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Charlotte de Rothschild (soprano);

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Jacques OFFENBACH (1819-1880)
La Belle Hélène

Felicity Lott Hélène
Yann Beuron Paris
Michel Sénéchal Ménélas
Laurent Naouri Agamemnon
François Le Roux Calchas
Marie-Ange Todorovich Oreste
Eric Huchet Achille
Alain Gabriel Ajax premier
Laurent Alvaro Ajax deuxième
Hjørdis Thïbault Bacchis
Magali Léger Parthénis
Stéphanie d'Oustrac Loena
Choeur des Musiciens du Louvre
Les Musiciens du Louvre-Grenoble
Marc Minkowski
Rec October 2000, Théâtre du Châtelet, Paris
VIRGIN CLASSICS 5 45477-2 0 [2CDs: total time 118.11]

Offenbach's popularity in Paris centred particularly on his witty, brilliant satires on classical subjects. The music has an irrepressible gaiety and melodiousness allied to a pointed wit. Ruling over his own theatre, the Bouffes-Parisiens, he wrote for relatively small forces rather than the larger ensemble found at the Opéra, but he did not object if circumstances allowed for the opportunity for more ambition.

What makes this new recording of La belle Hélène interesting, then, is that it has a sharpness and directness which bear the mark of authenticity. Minkowski is a specialist in this repertoire and the whole performance benefits from his understanding of the issues involved. The whole experience benefits from the clarity of texture and dynamic; the singers can always be heard and the instrumental lines are nicely pointed too.

Another strength of this recording is how dramatic it feels. This no doubt relates to an acclaimed production which was staged at the Châtelet in Paris during the autumn of 2000 (which was filmed and can, it seems, be viewed on the Internet). The pacing seems right at every stage, and the relationship between dialogue and music is also highly effective.

In these circumstances the singers seem able to give of their best, the standard set by the opening couplets sung by Marie-Ange Todorovich as Orestes (who is very good throughout). But the whole cast is strong individually and effective as a team; and if any music for the stage requires teamwork it is surely the operettas of Offenbach.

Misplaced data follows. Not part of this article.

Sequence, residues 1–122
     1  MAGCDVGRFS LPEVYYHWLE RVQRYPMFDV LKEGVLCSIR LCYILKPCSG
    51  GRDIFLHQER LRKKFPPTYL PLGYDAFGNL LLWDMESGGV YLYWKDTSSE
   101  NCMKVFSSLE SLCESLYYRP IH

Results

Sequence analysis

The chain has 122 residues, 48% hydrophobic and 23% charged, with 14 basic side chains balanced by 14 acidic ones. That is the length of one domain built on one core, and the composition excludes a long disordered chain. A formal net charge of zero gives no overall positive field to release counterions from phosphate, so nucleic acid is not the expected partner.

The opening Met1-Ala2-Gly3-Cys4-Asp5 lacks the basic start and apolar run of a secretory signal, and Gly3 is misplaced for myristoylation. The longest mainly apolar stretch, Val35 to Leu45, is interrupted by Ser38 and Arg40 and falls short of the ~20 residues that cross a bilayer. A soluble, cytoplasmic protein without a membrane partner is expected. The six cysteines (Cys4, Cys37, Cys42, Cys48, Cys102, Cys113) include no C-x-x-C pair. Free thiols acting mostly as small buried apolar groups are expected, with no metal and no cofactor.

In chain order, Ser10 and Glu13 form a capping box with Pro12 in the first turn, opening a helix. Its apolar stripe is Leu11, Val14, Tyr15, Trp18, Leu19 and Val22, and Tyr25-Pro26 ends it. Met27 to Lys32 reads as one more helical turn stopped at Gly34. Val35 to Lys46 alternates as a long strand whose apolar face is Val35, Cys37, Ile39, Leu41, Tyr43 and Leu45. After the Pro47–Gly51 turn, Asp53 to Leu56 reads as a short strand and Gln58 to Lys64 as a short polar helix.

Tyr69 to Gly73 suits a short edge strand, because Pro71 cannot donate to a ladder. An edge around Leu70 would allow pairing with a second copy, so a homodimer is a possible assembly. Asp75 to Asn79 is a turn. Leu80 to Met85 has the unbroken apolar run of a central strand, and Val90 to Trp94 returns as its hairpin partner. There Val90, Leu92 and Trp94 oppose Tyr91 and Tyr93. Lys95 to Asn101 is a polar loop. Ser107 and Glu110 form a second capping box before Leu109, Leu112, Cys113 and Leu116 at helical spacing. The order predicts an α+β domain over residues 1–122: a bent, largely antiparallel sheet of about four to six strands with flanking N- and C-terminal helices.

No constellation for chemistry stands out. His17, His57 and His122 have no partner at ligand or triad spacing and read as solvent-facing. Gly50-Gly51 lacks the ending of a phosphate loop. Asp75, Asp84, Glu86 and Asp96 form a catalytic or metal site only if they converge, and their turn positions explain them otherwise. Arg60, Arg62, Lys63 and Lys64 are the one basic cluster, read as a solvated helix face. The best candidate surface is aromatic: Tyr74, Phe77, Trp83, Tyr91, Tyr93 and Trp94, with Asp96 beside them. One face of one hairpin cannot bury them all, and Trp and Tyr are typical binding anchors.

What of the leading role, sung by Dame Felicity Lott? She has developed a real affinity for French music, but of course she misses the native inflections of the language. However, her musical judgement and vocal prowess are renowned, and she did take Paris by storm in her live performances. The quality of her voice is very special. So too is that of Yann Beuron as Pâris, whose use of rubato is subtly encouraged by the phrasing of Minkowski. The edition recorded here also includes a lullaby for this character which has never been recorded before.

The accompanying notes are detailed enough to discuss the relationship between different editions of the score. The author is Jean-Claude Yon, who has written an extensive study of Offenbach's life and music.

Many regard La belle Hélène as Offenbach most enjoyable operetta. This recording does much to encourage that view.

Terry Barfoot

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